KAKOS, Badness and Anti-Value in Classical Antiquity
Edited by Ineke Sluiter and Ralph M. Rosen
The fourth in a series that explores cultural and ethical values in Classical Antiquity, this volume examines the negative foils, the anti-values, against which positive value notions are conceptualized and calibrated in Classical Antiquity.
Eighteen chapters address this theme from different perspectives –historical, literary, legal and philosophical. What makes someone into a prototypically ‘bad’ citizen? Or an abomination of a scholar? What is the relationship between ugliness and value? How do icons of sexual perversion, monstruous emperors and detestable habits function in philosophical and rhetorical prose?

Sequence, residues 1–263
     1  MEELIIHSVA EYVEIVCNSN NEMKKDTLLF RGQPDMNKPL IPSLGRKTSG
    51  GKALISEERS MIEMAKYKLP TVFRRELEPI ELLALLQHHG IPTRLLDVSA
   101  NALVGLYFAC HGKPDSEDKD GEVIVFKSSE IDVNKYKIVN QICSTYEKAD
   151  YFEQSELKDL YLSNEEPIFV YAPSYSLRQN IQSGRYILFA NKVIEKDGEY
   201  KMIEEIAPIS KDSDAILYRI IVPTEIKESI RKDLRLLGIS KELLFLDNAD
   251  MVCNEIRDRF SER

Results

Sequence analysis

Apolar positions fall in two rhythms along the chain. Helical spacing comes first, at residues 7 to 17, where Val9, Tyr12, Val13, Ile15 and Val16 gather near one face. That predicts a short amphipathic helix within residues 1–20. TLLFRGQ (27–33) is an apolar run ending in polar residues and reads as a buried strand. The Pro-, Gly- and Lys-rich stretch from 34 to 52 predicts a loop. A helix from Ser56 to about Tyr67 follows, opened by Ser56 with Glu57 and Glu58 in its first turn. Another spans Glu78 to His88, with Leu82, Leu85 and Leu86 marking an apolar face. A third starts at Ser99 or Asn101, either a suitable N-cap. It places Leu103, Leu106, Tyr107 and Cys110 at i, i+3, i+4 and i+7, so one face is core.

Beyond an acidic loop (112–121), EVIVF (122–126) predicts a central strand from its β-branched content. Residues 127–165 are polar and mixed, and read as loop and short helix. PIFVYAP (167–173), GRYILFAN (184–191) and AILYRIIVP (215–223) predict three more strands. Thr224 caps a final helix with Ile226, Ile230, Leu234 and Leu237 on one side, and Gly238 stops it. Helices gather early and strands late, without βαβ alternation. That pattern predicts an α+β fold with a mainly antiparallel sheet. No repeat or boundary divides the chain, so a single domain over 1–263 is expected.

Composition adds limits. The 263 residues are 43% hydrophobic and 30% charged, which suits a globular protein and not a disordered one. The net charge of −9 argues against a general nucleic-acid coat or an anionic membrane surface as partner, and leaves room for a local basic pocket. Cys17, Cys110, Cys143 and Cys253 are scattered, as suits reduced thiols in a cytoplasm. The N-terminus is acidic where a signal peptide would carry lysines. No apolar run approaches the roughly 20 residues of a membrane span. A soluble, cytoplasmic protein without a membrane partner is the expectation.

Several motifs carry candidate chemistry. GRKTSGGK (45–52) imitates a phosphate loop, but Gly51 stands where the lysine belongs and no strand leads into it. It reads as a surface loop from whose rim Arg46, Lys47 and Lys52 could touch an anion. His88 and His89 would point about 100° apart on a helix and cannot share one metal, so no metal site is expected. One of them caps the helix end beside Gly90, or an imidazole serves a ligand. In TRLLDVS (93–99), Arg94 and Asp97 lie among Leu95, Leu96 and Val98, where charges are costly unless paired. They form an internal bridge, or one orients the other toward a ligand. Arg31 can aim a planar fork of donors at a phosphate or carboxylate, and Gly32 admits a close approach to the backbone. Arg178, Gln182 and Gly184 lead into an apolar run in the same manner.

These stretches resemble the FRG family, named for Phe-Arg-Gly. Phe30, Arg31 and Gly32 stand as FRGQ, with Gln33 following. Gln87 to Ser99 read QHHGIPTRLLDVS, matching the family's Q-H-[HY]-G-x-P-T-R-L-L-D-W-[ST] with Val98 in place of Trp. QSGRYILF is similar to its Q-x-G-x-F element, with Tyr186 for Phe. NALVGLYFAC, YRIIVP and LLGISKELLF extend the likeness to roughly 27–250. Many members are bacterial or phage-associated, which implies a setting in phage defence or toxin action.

The book illuminates the many rhetorical manifestations of the concept of ‘badness’ in classical antiquity in a variety of domains.